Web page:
Provisions of Prop. 207 not only bolstered private property rights by defining what may be condemned under eminent domain proceedings, it also allows for claims against municipalities that pass ordinances and regulations that diminish a person’s property value.
Mayor Vincent Francia had council go through the document, section by section, to determine if anyone had any proposed amendments.
Vice Mayor Ernie Bunch, stating, “I’m a property rights advocate,” and starting with the category of Adult Business, said, “This is the first example of a use once allowed in the Commercial Core (CC)” as he moved to restore the use in Commercial Core with a special use permit (SUP). The motion passed by a vote of 5-2 with LaMar and Councilman Ralph Mozilo voting no.
Councilman Adam Trenk moved to allow animal arenas, commercial stables and equestrian centers in CC and GC with site plan review rather than requiring a SUP.
With council deadlocked 3-3, with Mozilo, LaMar and Bruce dissenting, Francia abstained from voting on the amendment until after council finished going through the rest of the document.
Mozilo, who cited his concern that everything possible in GC should generate taxes, moved to require a SUP for GC instead of just a site plan review for each item listed in the Educational and Religious category.
The motion, seconded by Trenk, who commented, “I agree with Councilman Mozilo wholeheartedly,” passed by a vote of 5-2 with Bruce and Councilman Dick Esser dissenting.
Mozilo’s motion suggesting the same change be made to the section that includes child, group and elder care homes and institutions also passed with Bruce voting no.
Bunch moved to retain all previous less restrictive designations, of which some passed and some failed.
It was noted that there used to be a category for paint and body shops that appeared to be inadvertently omitted from the document.
Francia said the category should be included when the document is brought back for a second reading.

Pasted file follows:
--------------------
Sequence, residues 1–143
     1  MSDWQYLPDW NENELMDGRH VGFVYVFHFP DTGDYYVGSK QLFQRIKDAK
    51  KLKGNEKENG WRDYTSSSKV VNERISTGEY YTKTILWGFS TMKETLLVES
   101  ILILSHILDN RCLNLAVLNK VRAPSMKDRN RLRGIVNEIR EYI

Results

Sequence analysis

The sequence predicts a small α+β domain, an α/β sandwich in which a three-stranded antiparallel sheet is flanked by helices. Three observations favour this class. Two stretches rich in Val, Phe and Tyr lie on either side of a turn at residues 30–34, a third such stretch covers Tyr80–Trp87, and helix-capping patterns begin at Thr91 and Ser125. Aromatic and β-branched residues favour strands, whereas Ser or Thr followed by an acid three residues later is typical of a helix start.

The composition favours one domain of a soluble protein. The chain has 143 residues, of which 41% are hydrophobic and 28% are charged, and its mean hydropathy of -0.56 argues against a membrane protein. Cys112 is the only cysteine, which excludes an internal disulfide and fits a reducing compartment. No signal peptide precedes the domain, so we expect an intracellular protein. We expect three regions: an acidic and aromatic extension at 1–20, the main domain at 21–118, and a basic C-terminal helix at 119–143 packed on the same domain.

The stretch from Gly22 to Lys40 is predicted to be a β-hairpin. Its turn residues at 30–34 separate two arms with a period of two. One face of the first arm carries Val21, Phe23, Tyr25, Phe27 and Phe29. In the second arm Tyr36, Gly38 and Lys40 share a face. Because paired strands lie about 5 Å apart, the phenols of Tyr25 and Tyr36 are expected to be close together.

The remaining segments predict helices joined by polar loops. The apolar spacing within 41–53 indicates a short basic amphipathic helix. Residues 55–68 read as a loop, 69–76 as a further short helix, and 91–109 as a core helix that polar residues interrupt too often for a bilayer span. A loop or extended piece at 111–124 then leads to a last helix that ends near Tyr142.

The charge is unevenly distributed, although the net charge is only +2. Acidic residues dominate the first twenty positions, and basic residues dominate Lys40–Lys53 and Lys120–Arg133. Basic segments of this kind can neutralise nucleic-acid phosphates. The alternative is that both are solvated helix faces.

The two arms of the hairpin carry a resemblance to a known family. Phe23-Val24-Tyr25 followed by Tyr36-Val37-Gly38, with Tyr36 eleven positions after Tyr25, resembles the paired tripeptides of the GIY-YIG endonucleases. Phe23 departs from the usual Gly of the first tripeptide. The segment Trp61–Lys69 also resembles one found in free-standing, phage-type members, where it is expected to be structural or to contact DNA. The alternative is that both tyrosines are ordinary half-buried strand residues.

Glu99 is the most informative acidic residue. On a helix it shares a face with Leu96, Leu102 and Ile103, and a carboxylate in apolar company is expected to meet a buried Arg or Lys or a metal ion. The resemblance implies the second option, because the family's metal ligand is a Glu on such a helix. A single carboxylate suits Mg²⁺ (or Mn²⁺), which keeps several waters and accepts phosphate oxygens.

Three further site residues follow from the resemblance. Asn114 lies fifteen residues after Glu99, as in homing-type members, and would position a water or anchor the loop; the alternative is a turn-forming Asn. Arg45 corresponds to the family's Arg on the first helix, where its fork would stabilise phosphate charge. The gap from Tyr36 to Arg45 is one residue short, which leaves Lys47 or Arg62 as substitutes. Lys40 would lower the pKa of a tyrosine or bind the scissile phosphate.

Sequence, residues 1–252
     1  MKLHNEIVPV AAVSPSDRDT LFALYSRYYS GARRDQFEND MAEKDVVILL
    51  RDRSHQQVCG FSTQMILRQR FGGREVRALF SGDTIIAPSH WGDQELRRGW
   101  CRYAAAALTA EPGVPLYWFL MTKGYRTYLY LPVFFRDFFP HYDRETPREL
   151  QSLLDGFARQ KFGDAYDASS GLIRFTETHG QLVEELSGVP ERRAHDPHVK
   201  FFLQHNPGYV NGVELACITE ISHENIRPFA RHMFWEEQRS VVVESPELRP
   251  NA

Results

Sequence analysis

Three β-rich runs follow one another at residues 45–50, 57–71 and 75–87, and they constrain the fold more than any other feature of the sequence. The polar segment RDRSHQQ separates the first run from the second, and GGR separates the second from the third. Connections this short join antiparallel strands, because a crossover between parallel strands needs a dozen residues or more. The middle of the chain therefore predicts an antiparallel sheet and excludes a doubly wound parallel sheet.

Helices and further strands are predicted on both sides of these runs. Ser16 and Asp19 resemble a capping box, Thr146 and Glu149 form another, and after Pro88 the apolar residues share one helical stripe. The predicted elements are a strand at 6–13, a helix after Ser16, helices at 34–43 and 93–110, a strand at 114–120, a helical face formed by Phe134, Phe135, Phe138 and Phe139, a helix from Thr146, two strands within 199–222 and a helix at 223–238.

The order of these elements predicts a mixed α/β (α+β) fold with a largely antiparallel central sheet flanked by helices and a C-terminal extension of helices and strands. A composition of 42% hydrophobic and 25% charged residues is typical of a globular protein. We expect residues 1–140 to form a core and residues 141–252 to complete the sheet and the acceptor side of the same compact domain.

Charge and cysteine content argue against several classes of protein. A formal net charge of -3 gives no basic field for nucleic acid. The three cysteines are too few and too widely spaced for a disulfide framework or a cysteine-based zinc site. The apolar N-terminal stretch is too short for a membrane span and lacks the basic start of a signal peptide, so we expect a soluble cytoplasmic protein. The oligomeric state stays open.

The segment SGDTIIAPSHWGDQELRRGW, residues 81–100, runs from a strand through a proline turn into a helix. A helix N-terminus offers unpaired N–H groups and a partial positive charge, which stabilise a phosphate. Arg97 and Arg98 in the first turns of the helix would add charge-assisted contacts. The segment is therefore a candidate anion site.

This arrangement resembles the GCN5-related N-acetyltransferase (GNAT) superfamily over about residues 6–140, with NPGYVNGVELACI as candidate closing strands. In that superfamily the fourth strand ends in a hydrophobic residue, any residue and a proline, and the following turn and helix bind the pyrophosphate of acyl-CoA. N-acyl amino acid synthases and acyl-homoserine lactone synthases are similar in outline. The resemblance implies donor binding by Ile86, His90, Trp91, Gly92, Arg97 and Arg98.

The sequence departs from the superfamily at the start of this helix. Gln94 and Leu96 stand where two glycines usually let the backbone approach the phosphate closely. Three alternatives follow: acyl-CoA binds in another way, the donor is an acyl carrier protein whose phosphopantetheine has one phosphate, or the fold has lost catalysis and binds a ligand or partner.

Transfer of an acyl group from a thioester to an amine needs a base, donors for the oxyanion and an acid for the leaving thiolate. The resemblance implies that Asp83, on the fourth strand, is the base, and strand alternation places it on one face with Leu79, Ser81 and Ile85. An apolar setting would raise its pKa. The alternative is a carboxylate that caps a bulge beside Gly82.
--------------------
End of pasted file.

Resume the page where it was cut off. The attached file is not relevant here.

Going back to the deadlocked item, Francia, after giving the amendment thoughtful consideration, broke the tie by voting no.
Council then voted unanimously in favor of passing the first reading of the ordinance as amended with Bruce and Esser complimenting staff and commenting about the joint workshop held prior to the item coming to council being very beneficial.
Bunch said the revisions were “overall, good for the property owners of Cave Creek.”
Trenk said the passage of HB 2246, which permits the sale of consumer fireworks by a retail establishment to persons at least 16 years old, unless prohibited by a governing body of a city or town, was brought to his attention by friends of his who are firefighters.
He requested that town staff be directed to work with the League of Cities and Towns and the town attorney to determine an appropriate procedure/ ordinance to limit such sales.
Town Attorney Fredda Bisman said the bill was passed with a Dec. 1 effective date, so the town had ample time to draft an ordinance.
Rural/Metro Chief John Kraetz, who said firefighters support an ordinance restricting sales, advised council the new law pertains to items such as sparklers, which he said burn at 3,000 degrees, but that bottle rockets and fireworks involving projectiles are still illegal.